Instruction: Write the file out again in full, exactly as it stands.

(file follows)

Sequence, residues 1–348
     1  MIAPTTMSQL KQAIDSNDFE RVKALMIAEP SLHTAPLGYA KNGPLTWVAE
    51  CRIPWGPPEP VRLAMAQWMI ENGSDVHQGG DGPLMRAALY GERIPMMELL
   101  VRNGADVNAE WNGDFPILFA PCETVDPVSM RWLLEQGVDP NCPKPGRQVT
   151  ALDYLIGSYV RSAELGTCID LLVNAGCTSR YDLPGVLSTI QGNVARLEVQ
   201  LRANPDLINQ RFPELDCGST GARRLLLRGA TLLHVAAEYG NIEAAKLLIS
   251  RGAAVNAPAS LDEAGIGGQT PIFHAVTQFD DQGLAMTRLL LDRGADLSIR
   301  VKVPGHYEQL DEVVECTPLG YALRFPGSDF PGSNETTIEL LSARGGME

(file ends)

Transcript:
Sequence, residues 1–348
     1  MIAPTTMSQL KQAIDSNDFE RVKALMIAEP SLHTAPLGYA KNGPLTWVAE
    51  CRIPWGPPEP VRLAMAQWMI ENGSDVHQGG DGPLMRAALY GERIPMMELL
   101  VRNGADVNAE WNGDFPILFA PCETVDPVSM RWLLEQGVDP NCPKPGRQVT
   151  ALDYLIGSYV RSAELGTCID LLVNAGCTSR YDLPGVLSTI QGNVARLEVQ
   201  LRANPDLINQ RFPELDCGST GARRLLLRGA TLLHVAAEYG NIEAAKLLIS
   251  RGAAVNAPAS LDEAGIGGQT PIFHAVTQFD DQGLAMTRLL LDRGADLSIR
   301  VKVPGHYEQL DEVVECTPLG YALRFPGSDF PGSNETTIEL LSARGGME